About You

Another hint: It shouldn’t really be about YOU! Confusing, right? This simply means that you shouldn’t make a big list of awesome things about yourself. Tell them about you in a way that explains how you can help them and solve their problem.

Design & Layout of a Sales Page

I am not a graphic OR web designer.  I make suggestions for layout and design, but I never actually create that portion of the sales page.  I suggest looking at several sales pages for ideas, but typically it’s good to break things up on the page by either using boxes, alternating colors for each section, or some other delineation between elements.

Wait, that’s it?! Is this the end?

There is SOOO much that goes into a strong sales page and it can’t really be boiled down to one blog post. If it could, I’d probably be out of a job! But these are the important elements of a sales page that actually sells. With some time and dedication, you really can write a kick-ass sales page.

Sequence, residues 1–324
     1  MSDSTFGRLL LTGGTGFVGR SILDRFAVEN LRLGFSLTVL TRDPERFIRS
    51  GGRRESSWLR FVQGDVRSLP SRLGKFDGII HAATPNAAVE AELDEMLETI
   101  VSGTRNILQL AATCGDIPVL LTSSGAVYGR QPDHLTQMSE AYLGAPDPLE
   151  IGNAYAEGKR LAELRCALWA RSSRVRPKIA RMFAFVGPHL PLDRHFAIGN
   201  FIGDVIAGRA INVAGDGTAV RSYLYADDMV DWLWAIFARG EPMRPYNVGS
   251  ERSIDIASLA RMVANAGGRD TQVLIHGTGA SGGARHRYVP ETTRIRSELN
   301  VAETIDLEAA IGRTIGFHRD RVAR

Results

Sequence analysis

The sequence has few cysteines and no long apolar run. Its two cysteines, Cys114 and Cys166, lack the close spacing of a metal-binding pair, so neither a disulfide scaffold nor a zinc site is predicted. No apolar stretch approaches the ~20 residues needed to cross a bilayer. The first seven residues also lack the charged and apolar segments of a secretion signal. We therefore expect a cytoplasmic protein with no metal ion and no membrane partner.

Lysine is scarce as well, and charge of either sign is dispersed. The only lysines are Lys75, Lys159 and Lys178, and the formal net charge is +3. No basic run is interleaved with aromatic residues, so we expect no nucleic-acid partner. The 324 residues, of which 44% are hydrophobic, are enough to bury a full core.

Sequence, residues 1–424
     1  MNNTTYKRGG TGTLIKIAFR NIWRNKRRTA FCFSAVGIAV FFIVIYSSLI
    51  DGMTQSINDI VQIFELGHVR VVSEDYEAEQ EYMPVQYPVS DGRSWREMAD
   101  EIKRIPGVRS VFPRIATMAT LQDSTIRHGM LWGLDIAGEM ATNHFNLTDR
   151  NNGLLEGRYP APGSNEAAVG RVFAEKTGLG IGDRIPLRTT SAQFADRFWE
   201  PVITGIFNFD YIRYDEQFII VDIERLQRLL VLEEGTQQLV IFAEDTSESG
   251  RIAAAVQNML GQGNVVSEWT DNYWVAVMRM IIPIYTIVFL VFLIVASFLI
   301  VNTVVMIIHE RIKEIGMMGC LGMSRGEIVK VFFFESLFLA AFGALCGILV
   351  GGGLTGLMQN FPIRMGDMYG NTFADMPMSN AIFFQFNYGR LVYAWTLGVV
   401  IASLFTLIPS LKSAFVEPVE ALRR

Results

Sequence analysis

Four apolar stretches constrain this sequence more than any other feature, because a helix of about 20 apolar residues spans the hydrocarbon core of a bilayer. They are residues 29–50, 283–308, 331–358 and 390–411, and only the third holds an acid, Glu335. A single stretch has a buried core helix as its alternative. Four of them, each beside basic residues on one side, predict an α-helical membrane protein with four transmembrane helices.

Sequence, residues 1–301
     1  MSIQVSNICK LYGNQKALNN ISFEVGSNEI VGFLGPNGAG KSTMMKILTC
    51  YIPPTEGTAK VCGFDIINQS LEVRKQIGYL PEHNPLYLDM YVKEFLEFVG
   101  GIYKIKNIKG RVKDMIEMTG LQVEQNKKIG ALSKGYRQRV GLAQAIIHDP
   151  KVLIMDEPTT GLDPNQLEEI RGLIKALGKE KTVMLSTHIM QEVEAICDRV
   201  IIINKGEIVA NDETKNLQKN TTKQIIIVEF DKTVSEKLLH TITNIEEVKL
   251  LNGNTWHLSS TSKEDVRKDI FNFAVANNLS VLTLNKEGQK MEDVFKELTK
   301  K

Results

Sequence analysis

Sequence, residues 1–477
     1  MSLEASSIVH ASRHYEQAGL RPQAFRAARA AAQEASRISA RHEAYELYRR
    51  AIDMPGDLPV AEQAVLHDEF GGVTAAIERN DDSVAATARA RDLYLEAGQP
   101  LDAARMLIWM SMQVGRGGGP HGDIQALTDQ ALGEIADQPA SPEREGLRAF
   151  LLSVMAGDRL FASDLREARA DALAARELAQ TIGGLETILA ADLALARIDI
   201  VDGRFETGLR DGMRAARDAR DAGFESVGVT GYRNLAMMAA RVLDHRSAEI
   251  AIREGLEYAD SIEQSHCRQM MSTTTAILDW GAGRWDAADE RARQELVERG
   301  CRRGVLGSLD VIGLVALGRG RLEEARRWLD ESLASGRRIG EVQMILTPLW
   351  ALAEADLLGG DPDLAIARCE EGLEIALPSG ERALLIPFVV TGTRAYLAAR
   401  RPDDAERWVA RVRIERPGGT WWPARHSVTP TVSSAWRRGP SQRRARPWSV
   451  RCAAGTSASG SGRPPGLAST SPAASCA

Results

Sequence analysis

If you haven’t already, sign up for my mailing list at the bottom of the page to stay tuned for other ways you can learn about increasing your sales with writing that works.

What is the next step in my sales funnel?

Some people might tell you that the sales page is the last step of your sales funnel, but I disagree. Weekly emails to your list are incredibly powerful and can increase sales for those who aren’t quite ready yet. Stay tuned for more about email marketing!

Sign up for my mailing list at the bottom of the page and get more tips on increasing your sales with writing that works!